Given this apparent inconsistency in the government's reasoning, it is not surprising that the government has not identified a single case where a court has interpreted the RICO statute as the government does here. In contrast, Defendants have put forth nearly twenty cases, albeit cases involving civil RICO liability, where courts have rejected rimless hub and spoke RICO conspiracies where the plaintiffs could not meet the "relatively undemanding standard of Boyle" insomuch as the allegations "fail[ed] the basic requirement that the components function as a unit, that they be ‘put together to form a whole.’ " In re Ins. Brokerage Antitrust Litig., 618 F.3d 300, 374 (3d Cir. 2010) (quoting Boyle, 556 U.S. at 945, 129 S.Ct. 2237 ); see also Heinel Reply 4 [#390] (collecting nineteen similar cases). Accordingly, the court concludes that, as the Superseding Indictment does not contend that Defendants are part of the alleged enterprise, the government will need to prove a single conspiracy to obtain a conviction for the charged RICO conspiracy and cannot simply rely on the enterprise for the missing link.
The government criticizes Defendants for citing civil RICO cases. See Gov't’s Opp'n 15 [#371]. But, the First Circuit has repeatedly stated that " ‘it is appropriate to rely on civil RICO precedent when analyzing criminal RICO liability.’ " United States v. Marino, 277 F.3d 11, 33 (1st Cir. 2002) (quoting Shifman, 124 F.3d at 35 n.1 ). Furthermore, the civil cases cited by Defendants are interpreting and applying the Boyle standard, which involved a criminal RICO charge.
b. Employed by or Associated with the Enterprise
It is an element of 18 U.S.C. § 1962(c) that the defendant was "employed by or associated with" the alleged enterprise. Again, following the First Circuit and Supreme Court's general directive, the court finds that the government must establish that the charged conspiracy, if completed, would have Defendants employed by or associated with the charged enterprise, namely the Key Enterprise.
Consistent with this requirement, the Superseding Indictment charges that all Defendants were "persons associated with or employed by the Key Enterprise." SI ¶ 144 [#272]. Defendants argue that if they are not part of the enterprise-in-fact under Boyle, they cannot be associated with the enterprise, and the charge must be dismissed for "[u]nder the RICO statute, only those persons employed by or associated with the enterprise are criminally liable," Heinel Reply 2 [#390] (citing 18 U.S.C. §§ 1962(c), (d) ). But here Defendants are conflating two separate requirements, one that defines the enterprise as discussed above, and the other that requires the defendant to be an associate or employee of that enterprise. The term "associate" is quite broad. See Aetna Cas. Sur. Co. v. P & B Autobody, 43 F.3d 1546, 1559 (1st Cir. 1994) (explaining that "one who, for example, buys an insurance policy from an enterprise and depends on the solidarity of that enterprise, for protection against defined risks, has an association with, and may be said to have ‘associated with,’ the enterprise"). Thus, "outsiders" (e.g., those outside the association-in-fact enterprise as defined by Boyle ) may still be "associated with" an enterprise. See Reves v. Ernst & Young, 507 U.S. 170, 185, 113 S.Ct. 1163, 122 L.Ed.2d 525 (1993) (holding as much in the context of 18 U.S.C. § 1962(c) ). Accordingly, as the Defendants are allegedly "associated with" the enterprise, the government's assertion that the alleged enterprise is limited to the Key Enterprise does not require dismissal of the Superseding Indictment.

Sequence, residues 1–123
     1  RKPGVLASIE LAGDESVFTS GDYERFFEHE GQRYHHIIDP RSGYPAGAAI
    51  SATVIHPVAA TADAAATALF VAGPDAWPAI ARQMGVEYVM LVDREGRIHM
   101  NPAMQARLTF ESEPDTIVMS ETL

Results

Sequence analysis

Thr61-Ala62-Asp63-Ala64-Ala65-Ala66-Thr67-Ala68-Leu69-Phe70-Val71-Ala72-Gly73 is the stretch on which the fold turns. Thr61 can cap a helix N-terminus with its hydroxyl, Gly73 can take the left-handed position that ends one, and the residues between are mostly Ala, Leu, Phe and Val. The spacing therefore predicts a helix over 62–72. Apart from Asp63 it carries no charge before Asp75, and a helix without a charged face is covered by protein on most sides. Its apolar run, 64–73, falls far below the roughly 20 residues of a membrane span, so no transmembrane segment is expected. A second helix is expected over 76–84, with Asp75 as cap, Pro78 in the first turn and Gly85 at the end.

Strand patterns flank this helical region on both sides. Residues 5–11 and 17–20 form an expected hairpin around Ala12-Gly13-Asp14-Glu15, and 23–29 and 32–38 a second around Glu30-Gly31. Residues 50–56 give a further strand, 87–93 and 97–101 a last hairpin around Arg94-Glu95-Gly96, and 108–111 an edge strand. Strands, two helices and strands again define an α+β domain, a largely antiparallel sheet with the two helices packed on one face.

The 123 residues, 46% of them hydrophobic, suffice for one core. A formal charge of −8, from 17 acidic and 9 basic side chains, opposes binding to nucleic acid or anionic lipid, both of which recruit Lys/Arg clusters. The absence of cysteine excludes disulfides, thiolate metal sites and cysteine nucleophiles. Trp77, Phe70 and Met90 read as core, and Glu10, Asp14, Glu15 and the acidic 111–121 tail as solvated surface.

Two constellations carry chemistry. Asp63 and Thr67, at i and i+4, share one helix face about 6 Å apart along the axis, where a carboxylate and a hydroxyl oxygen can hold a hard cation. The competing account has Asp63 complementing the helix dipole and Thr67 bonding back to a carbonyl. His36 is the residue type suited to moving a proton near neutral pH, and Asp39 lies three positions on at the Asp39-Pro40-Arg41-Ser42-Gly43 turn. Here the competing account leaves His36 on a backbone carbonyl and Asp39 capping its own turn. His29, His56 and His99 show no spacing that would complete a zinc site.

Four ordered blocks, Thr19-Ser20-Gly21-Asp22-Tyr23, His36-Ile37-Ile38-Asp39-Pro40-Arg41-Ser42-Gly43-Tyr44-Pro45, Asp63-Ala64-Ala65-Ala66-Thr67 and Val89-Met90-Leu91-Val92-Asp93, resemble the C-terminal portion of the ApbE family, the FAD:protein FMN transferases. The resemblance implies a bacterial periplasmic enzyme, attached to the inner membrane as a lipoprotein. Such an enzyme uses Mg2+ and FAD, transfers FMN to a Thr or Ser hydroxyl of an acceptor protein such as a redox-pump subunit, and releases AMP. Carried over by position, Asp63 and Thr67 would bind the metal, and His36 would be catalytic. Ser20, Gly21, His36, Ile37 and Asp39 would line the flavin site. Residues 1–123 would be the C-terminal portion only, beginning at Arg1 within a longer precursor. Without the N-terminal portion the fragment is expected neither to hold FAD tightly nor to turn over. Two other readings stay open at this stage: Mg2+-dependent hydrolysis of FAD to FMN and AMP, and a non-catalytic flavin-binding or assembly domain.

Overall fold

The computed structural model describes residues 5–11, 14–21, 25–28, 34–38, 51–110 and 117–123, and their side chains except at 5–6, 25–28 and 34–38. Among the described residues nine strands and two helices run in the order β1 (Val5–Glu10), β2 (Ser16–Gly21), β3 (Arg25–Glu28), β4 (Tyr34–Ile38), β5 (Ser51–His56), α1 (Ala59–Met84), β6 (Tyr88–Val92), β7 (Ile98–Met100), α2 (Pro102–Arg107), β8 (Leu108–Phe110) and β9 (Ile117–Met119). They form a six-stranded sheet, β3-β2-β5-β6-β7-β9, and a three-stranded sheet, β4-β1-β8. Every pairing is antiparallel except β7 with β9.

c. Conduct or Participate in the Conduct of the Enterprise's Affairs
Once the government has clarified that the alleged RICO enterprise is the Key Enterprise, Defendants argue that the Superseding Indictment fails to adequately allege that they, together, knowingly joined a conspiracy to operate or manage the Key Enterprise's affairs. Specifically, Defendants contend that there are no facts in the Superseding Indictment that support the government's allegation that the Defendants knew of the alleged RICO enterprise (the Key Enterprise), much less joined an agreement to operate or manage the Key Enterprise. Vavic Mem. 13–14 [#334]; Heinel Reply 12–15 [#390].
Once again, to the extent that Defendants’ challenge is that the facts do not support the government's allegations, that is a question for the jury. However, the government also argues: (1) that the government need not prove that Defendants themselves conspired to operate or manage the alleged enterprise on a RICO conspiracy charge, and (2) if it cannot prove that the Defendants conspired to operate or manage the alleged enterprise, it can still secure a conviction so long as it can show that the Defendants were "integral to carrying out" the alleged scheme. Gov't’s Opp'n 20–21 [#371].